By Craig Epplin
John Reed’s Snowball’s Chance, first published in 2002 and recently reissued as part of Melville House’s Neversink Library, was born into controversy. A parodic riff on George Orwell’s Animal Farm, it promptly ignited two critical firestorms: one over its relation to Orwell’s work and another over its portrayal of the attacks of September 11, 2001. Ten years later, its polemical force remains intact, albeit differently inflected.
Reed’s book begins where Orwell’s leaves off, with the decay of the farm’s established order. Napoleon, Animal Farm’s stand-in for Stalin, dies in his sleep, and soon thereafter a stranger arrives. It is Snowball, the old revolutionary, returning from exile. Having long been the absent scapegoat for all that ailed the farm, he quickly diffuses the sinister lore surrounding him, aided by the animals’ poor collective memory. Soon he has won them over, craftily installed a puppet leader, and reformed the farm along recognizably neoliberal lines. The old leftist, in other words, has come back a capitalist. He sets about gathering support for a grand project: Animal Fair, “a land where dreams come true” and, indeed, “not just an amusement park, but a wondrous demonstration of the pure spirit of the animal!” Jingoistic nationalism commingles with capitalist individualism in Snowball’s Disneyfied discourse, as he follows what is by now a common script.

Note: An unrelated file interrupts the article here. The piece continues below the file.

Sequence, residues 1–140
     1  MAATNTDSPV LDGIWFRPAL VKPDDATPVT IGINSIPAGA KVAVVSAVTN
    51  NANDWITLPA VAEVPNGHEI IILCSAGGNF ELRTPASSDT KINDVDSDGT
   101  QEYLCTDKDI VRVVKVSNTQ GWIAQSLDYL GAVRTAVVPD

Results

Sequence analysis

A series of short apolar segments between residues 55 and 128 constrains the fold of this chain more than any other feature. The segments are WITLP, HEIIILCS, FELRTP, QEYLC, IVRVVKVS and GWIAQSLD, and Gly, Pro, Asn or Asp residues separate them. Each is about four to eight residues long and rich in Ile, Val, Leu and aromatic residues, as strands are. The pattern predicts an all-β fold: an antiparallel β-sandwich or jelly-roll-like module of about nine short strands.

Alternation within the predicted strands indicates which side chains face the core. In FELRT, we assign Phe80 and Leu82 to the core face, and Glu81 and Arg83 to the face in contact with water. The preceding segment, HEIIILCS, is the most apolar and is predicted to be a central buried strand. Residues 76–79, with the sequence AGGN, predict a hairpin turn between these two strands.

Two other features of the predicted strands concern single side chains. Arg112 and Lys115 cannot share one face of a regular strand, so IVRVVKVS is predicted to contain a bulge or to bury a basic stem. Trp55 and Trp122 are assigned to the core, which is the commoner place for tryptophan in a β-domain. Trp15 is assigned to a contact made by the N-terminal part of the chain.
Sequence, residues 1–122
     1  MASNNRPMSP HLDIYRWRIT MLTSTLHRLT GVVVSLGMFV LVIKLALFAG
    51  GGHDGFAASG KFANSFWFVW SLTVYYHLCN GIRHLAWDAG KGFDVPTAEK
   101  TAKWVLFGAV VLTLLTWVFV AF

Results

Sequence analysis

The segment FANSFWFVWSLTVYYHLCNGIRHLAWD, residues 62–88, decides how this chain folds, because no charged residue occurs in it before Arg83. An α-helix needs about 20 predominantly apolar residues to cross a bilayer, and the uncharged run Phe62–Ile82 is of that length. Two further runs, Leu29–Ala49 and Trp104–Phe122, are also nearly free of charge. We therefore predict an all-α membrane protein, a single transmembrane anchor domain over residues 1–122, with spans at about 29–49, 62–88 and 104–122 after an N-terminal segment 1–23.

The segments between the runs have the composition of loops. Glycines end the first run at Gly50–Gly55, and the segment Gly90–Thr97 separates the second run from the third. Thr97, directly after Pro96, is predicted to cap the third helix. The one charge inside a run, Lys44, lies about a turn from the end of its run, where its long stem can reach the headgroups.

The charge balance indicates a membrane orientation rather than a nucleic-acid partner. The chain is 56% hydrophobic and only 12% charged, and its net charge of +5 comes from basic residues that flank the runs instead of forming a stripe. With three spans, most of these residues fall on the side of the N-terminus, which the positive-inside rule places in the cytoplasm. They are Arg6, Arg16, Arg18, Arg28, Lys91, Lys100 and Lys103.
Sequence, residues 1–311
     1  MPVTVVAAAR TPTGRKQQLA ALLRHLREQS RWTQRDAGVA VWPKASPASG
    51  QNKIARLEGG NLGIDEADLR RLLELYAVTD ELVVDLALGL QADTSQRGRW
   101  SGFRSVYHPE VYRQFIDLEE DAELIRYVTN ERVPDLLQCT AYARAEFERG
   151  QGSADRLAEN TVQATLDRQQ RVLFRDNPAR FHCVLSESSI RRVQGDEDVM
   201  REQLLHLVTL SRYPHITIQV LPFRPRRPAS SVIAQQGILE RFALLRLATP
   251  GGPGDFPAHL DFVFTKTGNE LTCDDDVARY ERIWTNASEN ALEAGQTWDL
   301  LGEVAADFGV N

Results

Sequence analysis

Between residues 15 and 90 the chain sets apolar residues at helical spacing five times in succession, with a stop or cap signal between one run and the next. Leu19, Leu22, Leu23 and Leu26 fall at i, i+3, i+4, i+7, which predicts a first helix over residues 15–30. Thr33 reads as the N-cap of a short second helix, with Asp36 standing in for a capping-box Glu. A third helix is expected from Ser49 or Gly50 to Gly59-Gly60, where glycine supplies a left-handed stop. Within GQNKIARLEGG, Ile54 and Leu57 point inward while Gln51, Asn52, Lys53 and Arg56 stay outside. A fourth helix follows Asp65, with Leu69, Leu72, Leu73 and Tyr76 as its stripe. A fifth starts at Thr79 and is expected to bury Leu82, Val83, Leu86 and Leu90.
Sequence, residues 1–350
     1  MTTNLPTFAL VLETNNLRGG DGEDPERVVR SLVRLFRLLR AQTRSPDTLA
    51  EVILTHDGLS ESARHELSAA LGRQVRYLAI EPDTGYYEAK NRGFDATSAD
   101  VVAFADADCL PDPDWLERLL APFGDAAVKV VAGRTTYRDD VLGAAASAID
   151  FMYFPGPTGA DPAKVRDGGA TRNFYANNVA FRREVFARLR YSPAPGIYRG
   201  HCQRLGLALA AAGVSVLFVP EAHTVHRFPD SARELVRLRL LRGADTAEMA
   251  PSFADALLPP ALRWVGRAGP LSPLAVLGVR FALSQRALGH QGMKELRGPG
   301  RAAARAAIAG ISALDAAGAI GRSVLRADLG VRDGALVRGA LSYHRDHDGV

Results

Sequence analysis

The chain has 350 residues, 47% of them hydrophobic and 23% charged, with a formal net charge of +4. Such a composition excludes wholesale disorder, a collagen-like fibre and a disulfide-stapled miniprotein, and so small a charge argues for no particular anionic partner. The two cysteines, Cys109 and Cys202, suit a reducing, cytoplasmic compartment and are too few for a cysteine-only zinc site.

The picture Reed paints joins hard and soft power, effectively capturing the blend of coercion, manufactured consent, and embodied practice that props up the capitalist system.
This formula is the central object of Reed’s critique. Allegorizing the banalities and everyday injustices of contemporary capitalism, he stands Orwell’s fable of Soviet-style communism on its head. His deft reversal might account for at least some of the animosity that was heaped on the novel by Orwell’s partisans. His estate initially alleged copyright infringement, though this accusation never led to a lawsuit. Many critics feigned outrage and maligned Reed’s send-up of what the book’s original publisher James Sherry calls “Orwell’s anti-communist sacred cow.” One particularly snide reviewer dismissed Reed as a “smart-aleck anti-corporatist,” while Orwell hagiographer Christopher Hitchens was even less charitable, calling him a “Bin Ladenist.”
Hitchens’s sneering remark has less directly to do with Orwell than it does with Reed’s critical take on US foreign policy following the 9/11 attacks. Reed penned the novel quickly in the wake of these attacks, and it represents them transparently: the plot culminates with the destruction of the “Twin Mills” in a spectacle engineered by a band of extremist beavers. In an interview with the New York Times, Reed traced his inspiration for the novel to the experience of watching the attacks on television: “‘I thought, ‘Why would they do this to us?’ The twin towers attack showed us that something is wrong with our system, too.” This was, for many, an uncomfortable conclusion, and thus one particularly hostile reviewer accused Reed of “whitewash[ing] theocratic fascism” and even “blaming the victim.” Both this statement and Hitchens’s call to mind a well-known phrase from that era: “with us or against us.”